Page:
I awoke confused, wondered some cryptic words to myself and explored a planet. I moved a moon, built a bridge and was sent to the cockpit of an analogue ship drawn from the mind of an 80s futurist. That’s how I began my journey into Mirrormoon EP.

It’s a striking start to a striking game. A game of mystery, exploration and a sense of loneliness even when surrounded by activity. A silent striving, punctuated only by ethereal music and delicate crystalline structures. The bright colours contrast the relative quiet of the empty planets, impressing upon me a great sense of isolation; of being a small part of a gigantic universe. It feels eerily real.

It also helps that the game leaves the player to work out what the hell is going on. To begin with, I felt lost and frustrated; when I was done with the first section, though, the satisfaction was incredible. I was glad that I had solved that puzzle and didn’t just have a hint calmly inform me of why I was an idiot for not doing it quicker. The theme of the game is that of exploration – travelling the galaxy and discovering planets – so this hands-off approach keeps this consistent: playing the game is an explorative task in itself.

You’ll be travelling to these planets in your ship, which is an intriguing affair. Every button is a mystery and serves an important function, giving the cockpit a really convincing edge: all parts of the ship felt solid and weighty, evoking the joy of finding old tech and pressing buttons just to see whatMirrormoon EP Text popped and clicked. I felt like I was flying through space in a craft developed during the era of floppy discs and VHS players. Actually getting anywhere felt like an accomplishment and by the time I was familiar with the controls I really felt like a voyager, flicking switches with expert timing and calculated precision. A precision which I had developed on my own.

The exploration of planets, however, lacks this sense of purpose and tight design. The main mechanic consists of manipulating the moon, which mirrors the planet itself and can be rotated or moved to act as a map or to cast a shadow, revealing objects that only appear at certain light levels. It’s a great core mechanic, but lacks any sort of depth as the puzzles have to be simplistic due to their randomly generated nature. The tutorial puzzle is by far the most involved and intriguing one you’ll come across and the gameplay itself just doesn’t have enough to it to keep things engaging.

The grander part of the game comes from this continued exploration of a galaxy, and it is here where the game begins to slightly lose its charm. Galactic completion is achieved by a communal effort of exploring planets and naming them if you are the first to complete them. It’s a nice system, making it incredibly cool when you find yourself in an unexplored section of the map, free to name planets at a whim. There is an offline mode you can play, but no-one else will be able to find your conquered planets.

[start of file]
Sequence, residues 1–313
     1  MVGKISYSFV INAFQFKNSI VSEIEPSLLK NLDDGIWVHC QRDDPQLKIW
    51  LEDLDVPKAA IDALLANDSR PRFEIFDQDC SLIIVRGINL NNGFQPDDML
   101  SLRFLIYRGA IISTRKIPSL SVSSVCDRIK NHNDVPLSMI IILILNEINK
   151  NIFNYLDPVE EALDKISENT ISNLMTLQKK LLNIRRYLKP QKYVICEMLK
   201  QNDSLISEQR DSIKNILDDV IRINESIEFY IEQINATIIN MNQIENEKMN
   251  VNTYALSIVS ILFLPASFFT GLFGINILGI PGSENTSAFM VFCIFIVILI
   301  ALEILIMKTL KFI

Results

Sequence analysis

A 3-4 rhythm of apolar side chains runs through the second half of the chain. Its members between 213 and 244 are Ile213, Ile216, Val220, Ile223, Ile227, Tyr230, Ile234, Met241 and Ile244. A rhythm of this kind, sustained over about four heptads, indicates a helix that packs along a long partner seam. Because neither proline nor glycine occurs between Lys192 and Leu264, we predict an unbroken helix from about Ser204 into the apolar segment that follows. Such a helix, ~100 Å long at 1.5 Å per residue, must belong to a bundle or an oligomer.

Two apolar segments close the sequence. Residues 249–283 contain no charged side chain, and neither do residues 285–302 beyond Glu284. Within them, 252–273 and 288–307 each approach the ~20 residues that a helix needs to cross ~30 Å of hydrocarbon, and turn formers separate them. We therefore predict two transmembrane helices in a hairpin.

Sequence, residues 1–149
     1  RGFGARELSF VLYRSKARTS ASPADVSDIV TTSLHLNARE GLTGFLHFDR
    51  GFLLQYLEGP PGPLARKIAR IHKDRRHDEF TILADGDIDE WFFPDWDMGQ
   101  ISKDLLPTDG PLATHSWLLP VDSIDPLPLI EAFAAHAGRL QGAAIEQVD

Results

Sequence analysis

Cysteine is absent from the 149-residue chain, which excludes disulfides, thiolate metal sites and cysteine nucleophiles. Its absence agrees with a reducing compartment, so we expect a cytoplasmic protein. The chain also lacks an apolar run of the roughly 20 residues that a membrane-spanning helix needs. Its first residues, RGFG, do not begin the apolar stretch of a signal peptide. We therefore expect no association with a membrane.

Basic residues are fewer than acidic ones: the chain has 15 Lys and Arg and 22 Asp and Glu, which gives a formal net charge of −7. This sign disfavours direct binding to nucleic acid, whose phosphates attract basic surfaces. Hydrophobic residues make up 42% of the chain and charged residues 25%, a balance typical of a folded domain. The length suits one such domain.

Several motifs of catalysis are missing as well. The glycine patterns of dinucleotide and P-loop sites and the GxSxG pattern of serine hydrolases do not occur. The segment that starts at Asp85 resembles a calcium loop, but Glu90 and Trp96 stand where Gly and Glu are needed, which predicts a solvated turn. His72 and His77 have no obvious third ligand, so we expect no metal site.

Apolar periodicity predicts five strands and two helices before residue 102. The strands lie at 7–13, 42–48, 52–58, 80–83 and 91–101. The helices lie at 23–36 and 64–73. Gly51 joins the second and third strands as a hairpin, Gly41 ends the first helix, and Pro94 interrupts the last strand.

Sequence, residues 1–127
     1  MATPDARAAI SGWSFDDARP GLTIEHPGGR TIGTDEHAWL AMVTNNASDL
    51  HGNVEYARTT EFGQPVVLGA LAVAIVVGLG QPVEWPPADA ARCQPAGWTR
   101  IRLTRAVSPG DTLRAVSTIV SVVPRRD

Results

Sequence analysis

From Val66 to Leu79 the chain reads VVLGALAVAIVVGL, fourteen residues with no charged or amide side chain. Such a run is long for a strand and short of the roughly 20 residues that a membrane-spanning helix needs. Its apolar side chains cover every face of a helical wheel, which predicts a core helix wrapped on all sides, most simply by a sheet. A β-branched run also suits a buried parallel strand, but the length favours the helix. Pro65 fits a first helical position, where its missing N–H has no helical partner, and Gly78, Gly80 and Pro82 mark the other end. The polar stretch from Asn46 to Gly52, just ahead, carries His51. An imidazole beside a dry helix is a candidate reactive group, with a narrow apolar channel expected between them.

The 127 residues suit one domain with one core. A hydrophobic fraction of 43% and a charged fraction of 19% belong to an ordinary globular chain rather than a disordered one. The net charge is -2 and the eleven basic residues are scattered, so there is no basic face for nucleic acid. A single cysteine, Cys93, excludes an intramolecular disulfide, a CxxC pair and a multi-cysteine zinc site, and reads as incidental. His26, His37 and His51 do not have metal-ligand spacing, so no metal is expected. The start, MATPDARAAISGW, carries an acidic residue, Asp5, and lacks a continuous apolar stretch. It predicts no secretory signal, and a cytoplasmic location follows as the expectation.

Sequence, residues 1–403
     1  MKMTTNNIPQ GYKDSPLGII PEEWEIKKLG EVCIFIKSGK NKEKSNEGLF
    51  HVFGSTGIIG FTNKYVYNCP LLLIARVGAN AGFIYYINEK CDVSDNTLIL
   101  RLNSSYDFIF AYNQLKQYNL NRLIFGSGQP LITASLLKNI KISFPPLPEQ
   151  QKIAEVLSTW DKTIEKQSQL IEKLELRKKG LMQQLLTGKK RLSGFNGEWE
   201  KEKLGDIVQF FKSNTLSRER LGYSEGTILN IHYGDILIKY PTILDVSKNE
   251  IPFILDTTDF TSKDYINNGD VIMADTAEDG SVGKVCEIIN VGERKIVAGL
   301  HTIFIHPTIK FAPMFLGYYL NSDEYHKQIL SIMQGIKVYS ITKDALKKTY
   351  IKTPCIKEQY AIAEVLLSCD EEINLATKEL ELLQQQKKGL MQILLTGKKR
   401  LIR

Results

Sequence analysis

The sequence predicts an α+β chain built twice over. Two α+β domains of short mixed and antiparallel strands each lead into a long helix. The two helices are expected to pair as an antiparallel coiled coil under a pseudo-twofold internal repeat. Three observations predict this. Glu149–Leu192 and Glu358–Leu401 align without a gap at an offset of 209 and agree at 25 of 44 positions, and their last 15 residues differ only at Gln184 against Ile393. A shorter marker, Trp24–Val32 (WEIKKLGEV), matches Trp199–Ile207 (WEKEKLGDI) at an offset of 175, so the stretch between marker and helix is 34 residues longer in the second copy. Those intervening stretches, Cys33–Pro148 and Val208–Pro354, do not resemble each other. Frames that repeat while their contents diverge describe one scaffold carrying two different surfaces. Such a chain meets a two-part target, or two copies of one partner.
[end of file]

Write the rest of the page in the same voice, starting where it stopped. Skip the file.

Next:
Mirrormoon EP Planet.

Whether the game can be completed, however, feels like just as much of a random and empty exercise as exploring planets individually. During the couple of days – and twenty-five or so planets – I spent with the game, completion only went from 24 to 36 percent. Were there any more features to be unlocked? Had I seen everything? The Observatory achievement for “activating a star map artifact” seemed to suggest there was more, but I couldn’t for the life of me find any indication of what an Observatory was, or how to find one.

This aspect of naming planets for little reward makes the whole game feel more like a social experiment than a piece of entertainment. The kind of thing you’d play to help out a friend studying psychology, more than for your own enjoyment.

I don’t want to come across too negatively, though, as Mirrormoon EP is a very interesting, well-presented and ambitious game. It just doesn’t have all that much to it, so interest wanes quite quickly unless you’re the exploring type. Personally, I’d love to see Santa Ragione – the studio behind Mirrormoon EP – take this concept forward and work it into a deeper game. That’s a game I would be very excited about.

Wrap Up

It’s eerie, beautiful and intriguing but the game just didn’t have enough substance to it to draw me in fully. I’d recommend it for the atmosphere, but play it in short bursts to avoid the repetitive nature.

PS – If you ever come across the planets Eegron, Dimble, Plimp or Crunk on your travels, think of me, I’m quite proud of those.

score of 6

For more information, please read out reviews policy here.

About The Author


Ben is pretty damned nerdy. If he isn't playing video games, then he's probably rolling some dice to hit goblins and thugs or designing, running and crewing a host of LARP systems. He lives in Brighton, because it's nice there. You can follow him on twitter @benrlmeredith

Related Posts